The 62B District court takes your rights very seriously. Please go over your rights several times to make sure you understand what they are, what they mean, and how it applies to your current situation. There are slideshows explaining your rights. The basic rights described below apply to criminal matters.
You have the right to a trial by a jury or judge. A jury will be six citizens of Kentwood.
You have the right to an attorney. You may have an appointed attorney
- if you are indigent, and
- the offense charged requires a minimum jail sentence or the court determines that might sentence you to jail.
Note: If an attorney is appointed at the public expense, you may have to repay that expense.
You may plead in one of four ways:
- not guilty,
- stand mute, or
- no contest.
If you stand mute, the court will enter a plea of not guilty.
You must have permission of the court to plead no contest. The court will give permission if you have no memory of the incident or if there is a possibility of civil liability. If a no contest plea is accepted, the court can impose all of the punishments that you could receive if you had pled guilty.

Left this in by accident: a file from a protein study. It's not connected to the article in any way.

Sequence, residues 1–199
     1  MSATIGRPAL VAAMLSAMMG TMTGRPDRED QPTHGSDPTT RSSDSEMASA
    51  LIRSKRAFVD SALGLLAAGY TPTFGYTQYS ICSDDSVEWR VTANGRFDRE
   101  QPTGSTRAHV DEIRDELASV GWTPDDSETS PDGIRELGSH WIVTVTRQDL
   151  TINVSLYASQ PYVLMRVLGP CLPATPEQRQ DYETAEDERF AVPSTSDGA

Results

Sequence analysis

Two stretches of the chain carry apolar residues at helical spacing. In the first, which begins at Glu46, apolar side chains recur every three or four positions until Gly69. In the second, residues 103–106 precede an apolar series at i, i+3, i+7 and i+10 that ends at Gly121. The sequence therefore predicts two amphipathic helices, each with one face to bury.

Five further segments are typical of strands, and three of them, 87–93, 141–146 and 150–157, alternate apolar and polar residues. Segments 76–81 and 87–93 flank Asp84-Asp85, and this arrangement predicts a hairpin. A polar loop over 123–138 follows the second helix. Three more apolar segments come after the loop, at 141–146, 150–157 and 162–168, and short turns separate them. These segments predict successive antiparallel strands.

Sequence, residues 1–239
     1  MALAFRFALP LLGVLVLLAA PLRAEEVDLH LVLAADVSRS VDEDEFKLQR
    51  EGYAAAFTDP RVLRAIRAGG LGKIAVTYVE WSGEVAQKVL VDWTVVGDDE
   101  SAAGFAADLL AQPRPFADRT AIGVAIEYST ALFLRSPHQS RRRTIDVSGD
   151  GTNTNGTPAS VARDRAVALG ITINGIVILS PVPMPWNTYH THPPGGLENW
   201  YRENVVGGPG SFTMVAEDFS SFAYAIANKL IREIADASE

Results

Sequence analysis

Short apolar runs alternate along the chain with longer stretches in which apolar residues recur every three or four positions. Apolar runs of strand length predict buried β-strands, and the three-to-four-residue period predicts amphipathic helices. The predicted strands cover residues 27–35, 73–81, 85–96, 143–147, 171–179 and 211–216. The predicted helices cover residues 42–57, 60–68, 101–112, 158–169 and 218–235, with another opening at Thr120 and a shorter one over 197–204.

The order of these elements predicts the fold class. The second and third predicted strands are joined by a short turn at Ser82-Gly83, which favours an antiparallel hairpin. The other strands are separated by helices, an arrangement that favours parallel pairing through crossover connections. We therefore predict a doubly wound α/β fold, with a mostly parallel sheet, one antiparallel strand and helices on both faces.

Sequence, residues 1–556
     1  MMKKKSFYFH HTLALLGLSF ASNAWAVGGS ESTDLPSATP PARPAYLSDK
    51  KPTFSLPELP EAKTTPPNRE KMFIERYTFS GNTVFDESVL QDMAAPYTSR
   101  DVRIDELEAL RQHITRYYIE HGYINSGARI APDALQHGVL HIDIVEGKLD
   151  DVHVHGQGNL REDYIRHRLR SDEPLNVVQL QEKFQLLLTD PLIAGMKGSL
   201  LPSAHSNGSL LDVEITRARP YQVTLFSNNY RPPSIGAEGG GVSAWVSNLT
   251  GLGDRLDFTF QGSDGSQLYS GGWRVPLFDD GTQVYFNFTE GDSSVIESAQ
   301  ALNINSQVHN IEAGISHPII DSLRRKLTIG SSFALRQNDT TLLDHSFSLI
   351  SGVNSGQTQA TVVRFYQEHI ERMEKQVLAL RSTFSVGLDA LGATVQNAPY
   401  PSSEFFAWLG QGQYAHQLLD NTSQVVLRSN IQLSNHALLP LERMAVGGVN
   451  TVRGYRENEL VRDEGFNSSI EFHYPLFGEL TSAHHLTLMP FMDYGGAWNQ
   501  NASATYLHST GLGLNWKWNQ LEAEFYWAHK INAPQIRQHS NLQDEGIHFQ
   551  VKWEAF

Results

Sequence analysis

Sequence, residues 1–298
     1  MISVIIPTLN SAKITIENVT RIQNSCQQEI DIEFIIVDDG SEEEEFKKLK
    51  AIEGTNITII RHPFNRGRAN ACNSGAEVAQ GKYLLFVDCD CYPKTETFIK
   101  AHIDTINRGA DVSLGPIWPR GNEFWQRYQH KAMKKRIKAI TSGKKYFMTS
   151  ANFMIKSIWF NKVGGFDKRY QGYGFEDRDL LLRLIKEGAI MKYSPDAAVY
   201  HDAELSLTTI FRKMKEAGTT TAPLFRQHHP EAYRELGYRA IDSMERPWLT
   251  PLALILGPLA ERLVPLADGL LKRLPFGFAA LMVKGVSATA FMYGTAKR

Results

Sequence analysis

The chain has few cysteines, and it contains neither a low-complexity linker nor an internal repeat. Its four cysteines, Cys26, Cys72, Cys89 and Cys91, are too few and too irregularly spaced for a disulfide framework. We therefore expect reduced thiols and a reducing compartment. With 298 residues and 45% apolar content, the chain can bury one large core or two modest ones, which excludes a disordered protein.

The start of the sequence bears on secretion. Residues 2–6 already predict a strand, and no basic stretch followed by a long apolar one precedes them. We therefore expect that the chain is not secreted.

At trial, you are presumed innocent until proven guilty. The prosecution has the burden to prove each element of the crime you are charged with beyond a reasonable doubt.
At trial, you may call witnesses to speak for you at trial. You may get an order from the court to compel witnesses to come to trial. This is called a subpoena. You may fill out a subpoena and have your attorney or the judge sign it.
You may see, hear, and question all the witness testifying against you. This is called cross-examination.
You may be your own witness. However, you may also decide to remain silent. If you remain silent, that fact will not be commented on by the prosecution to establish guilt.
For a more full text on your rights, please click on the form
. This is the same form that is read to you at the court and the one you will sign at your criminal proceedings. Click here
for an index of advice of rights forms in several different languages.
A note from the Michigan Supreme Court: "These forms do not replace use of the English versions since Michigan Court Rules require that all court documents be in English. These forms are provided for information purposes only and should not be completed and filed with the court or provided to parties to an action in place of the English versions. They are to be provided along with the English versions to assist in removing language barriers."